Optimizing frozen storage warehousing in irregular landscapes
Drive-in rack, pushback rack help Zero Mountain add national capacity, optimize logistics.
The nation’s network of frozen and refrigerated distribution centers forms a logistical supply chain that is vital to our food safety, in which every square inch of storage and every movement of product must be efficient. A challenge occurs, however, when frozen storage must be expanded across an irregular landscape that makes traditional, space-efficient, rectangular warehousing impossible.
To continue the growth of its distribution centers in the national logistics supply chain, Zero Mountain, a premium cold-storage warehousing-services provider, had to expand its frozen storage and cooler capacity at its Fort Smith, Ark., facility. The company freezes, stores, and ships an estimated 2 billion pounds of frozen food and meat annually for a number of Fortune 500 companies.
“We needed to expand our warehouse 100,000 square feet between two existing buildings,” says Joe Rumsey, Zero Mountain’s President and CEO. “But the landscape didn’t allow for a traditional rectangular-shaped warehouse, so one side was built at a sloping angle. Still, because of the operational cost of frozen and cooler storage, the design had to maximize storage density, capacity, efficiency and durability.”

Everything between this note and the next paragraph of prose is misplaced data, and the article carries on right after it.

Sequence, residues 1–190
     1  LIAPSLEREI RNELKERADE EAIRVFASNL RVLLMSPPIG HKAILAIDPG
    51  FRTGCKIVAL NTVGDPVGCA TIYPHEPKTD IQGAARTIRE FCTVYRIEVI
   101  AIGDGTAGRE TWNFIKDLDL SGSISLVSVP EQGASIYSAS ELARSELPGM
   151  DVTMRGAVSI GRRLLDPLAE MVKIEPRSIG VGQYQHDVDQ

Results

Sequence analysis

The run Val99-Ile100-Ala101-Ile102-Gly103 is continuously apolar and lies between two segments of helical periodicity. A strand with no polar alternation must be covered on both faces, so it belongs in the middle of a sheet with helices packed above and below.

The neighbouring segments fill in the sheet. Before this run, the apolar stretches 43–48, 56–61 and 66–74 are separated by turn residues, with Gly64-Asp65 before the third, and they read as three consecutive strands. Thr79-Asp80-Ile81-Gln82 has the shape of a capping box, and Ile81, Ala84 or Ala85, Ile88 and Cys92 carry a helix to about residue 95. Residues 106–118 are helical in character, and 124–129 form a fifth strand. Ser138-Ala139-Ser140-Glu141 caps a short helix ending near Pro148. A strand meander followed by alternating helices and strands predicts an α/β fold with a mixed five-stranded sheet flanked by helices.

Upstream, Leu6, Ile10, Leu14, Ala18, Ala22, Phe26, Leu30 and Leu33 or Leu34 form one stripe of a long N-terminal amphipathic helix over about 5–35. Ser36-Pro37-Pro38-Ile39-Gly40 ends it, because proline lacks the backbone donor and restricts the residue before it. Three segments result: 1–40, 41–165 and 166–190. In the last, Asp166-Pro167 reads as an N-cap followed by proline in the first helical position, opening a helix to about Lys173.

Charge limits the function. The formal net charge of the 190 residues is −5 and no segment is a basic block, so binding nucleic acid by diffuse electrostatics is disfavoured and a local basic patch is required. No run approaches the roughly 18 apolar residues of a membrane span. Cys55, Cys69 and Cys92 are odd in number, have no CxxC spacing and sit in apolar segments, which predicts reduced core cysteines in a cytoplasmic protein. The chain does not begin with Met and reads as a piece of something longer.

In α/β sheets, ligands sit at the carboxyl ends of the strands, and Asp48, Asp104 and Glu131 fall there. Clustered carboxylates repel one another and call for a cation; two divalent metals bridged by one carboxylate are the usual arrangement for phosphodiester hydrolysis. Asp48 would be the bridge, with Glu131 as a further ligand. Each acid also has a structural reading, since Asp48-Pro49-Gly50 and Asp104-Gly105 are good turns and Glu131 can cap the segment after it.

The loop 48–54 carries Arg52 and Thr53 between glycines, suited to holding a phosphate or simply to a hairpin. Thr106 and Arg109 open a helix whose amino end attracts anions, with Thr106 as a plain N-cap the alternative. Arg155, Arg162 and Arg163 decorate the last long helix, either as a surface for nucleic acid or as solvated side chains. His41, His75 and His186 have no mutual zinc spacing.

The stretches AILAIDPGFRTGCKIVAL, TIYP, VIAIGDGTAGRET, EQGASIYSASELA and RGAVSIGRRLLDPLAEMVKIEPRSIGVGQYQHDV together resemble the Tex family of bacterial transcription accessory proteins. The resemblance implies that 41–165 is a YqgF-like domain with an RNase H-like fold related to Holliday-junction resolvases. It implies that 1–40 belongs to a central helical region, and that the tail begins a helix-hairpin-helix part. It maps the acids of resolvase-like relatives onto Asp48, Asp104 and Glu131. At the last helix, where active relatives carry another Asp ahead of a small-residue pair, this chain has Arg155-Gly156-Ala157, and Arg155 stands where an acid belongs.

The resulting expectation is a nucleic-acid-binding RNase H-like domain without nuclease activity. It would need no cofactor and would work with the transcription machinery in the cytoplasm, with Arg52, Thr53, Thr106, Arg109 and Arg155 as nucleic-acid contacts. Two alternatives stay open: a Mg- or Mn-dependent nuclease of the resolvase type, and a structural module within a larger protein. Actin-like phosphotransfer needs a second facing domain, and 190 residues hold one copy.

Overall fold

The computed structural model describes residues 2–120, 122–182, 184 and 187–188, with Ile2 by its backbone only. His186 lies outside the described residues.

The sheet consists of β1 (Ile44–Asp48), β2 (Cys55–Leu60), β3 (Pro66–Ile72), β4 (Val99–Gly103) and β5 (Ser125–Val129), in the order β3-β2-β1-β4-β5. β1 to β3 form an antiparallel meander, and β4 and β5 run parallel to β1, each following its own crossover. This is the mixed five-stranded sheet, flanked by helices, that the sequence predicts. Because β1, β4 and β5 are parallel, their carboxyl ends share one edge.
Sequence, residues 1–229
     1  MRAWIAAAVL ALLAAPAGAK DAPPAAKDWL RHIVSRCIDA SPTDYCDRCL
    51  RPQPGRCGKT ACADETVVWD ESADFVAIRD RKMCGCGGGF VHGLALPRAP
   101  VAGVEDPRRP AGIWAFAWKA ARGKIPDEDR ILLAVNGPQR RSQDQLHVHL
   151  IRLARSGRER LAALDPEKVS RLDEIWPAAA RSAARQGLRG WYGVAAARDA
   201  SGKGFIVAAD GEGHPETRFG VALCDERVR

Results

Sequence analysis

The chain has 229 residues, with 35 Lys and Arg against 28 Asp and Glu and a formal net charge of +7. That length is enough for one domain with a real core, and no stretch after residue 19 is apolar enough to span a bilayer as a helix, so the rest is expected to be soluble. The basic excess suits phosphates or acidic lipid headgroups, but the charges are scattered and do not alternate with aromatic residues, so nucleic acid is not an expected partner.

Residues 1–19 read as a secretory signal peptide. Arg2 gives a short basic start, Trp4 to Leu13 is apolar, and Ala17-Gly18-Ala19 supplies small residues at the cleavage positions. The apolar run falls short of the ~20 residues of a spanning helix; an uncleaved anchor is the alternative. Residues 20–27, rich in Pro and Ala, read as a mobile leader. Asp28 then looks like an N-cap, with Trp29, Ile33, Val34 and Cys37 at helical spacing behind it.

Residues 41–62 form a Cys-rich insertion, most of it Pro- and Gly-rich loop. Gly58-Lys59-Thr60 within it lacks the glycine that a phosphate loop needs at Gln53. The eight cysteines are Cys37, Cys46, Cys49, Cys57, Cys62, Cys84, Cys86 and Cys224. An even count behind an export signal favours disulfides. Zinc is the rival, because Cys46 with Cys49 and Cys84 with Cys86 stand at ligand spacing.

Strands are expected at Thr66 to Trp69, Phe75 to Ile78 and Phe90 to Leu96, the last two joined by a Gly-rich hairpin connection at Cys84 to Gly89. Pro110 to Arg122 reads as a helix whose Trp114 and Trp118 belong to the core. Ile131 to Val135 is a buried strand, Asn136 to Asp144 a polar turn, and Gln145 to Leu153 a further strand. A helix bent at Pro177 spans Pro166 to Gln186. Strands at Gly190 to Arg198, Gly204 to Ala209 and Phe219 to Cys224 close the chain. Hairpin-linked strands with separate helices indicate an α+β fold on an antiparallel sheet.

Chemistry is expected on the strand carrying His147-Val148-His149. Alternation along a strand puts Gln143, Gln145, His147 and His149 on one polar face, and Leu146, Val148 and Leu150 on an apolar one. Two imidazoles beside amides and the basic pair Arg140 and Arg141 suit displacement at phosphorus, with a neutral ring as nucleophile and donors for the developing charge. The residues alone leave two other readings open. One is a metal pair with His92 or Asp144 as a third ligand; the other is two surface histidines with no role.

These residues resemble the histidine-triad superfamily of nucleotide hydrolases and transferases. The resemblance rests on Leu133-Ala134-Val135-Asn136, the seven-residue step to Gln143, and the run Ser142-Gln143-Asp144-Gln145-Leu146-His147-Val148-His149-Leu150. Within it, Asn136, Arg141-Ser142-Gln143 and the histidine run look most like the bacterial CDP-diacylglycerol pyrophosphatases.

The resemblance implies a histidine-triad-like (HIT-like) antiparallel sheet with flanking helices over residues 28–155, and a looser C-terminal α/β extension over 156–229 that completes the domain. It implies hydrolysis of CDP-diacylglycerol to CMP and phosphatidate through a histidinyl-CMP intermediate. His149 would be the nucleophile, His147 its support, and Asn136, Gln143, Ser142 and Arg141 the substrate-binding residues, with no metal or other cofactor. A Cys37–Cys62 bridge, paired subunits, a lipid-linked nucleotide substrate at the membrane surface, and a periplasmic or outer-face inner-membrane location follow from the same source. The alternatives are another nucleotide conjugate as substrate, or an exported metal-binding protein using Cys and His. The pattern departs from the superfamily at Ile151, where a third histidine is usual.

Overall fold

Looking to achieve these goals, Rumsey turned to Cisco-Eagle, a materials handling, automation and storage systems integrator, and Steel King Industries, a storage system and pallet rack manufacturer.
For freezer storage, the companies chose drive-in rack for its cost-effective, high-density storage capacity that requires fewer aisles and provides better cube utilization than selective rack. Drive-in rack enables storing up to 75 percent more pallets than selective racking and is ideal for high-traffic and cooler/freezer installations.
To maximize efficient freezer storage design with the warehouse’s untraditional shape, the companies varied racking depth from two to nine pallets deep. They also varied pallet opening heights, including some for 100-inch-high pallets for retail and some for 2,000-pound double-stacked pallets for export.
The result: An area of approximately 71,000 square feet holds more than 8,000 pallet positions, plus almost 300 pallet positions for blast cells where product is flash-frozen at minus-30 degrees F.
The drive-in rack used required exceptional strength to support up to 4,000-pound pallet loads of frozen poultry as well as the weight of HVAC equipment for six rack-supported blast cells.
Because forklifts drive directly into them, drive-in racks tend to take more abuse than other rack structures. Rumsey was concerned that the industry’s typical light-gauge, roll-formed rack would be prone to forklift damage and costly replacement.
As a solution, Zero Mountain chose SK3000® drive-in rack, a rugged bolted rack with structural channel columns, by Steel King. A number of rack features helped the company meet its strength, capacity and durability goals.
Compared with typical racking, the pallet rack constructed of hot-rolled structural channel column with full horizontal and diagonal bracing offers greater frame strength, durability and cross-sectional area. All Grade-5 hardware provides greater shear strength, and a heavy 7-gauge wraparound connector plate ensures a square and plumb installation with a tighter connection and greater moment resistance.
“The structural drive-in rack provides us with the strength, capacity and durability we need to withstand decades of use, where forklift impact is expected,” says Rumsey. NP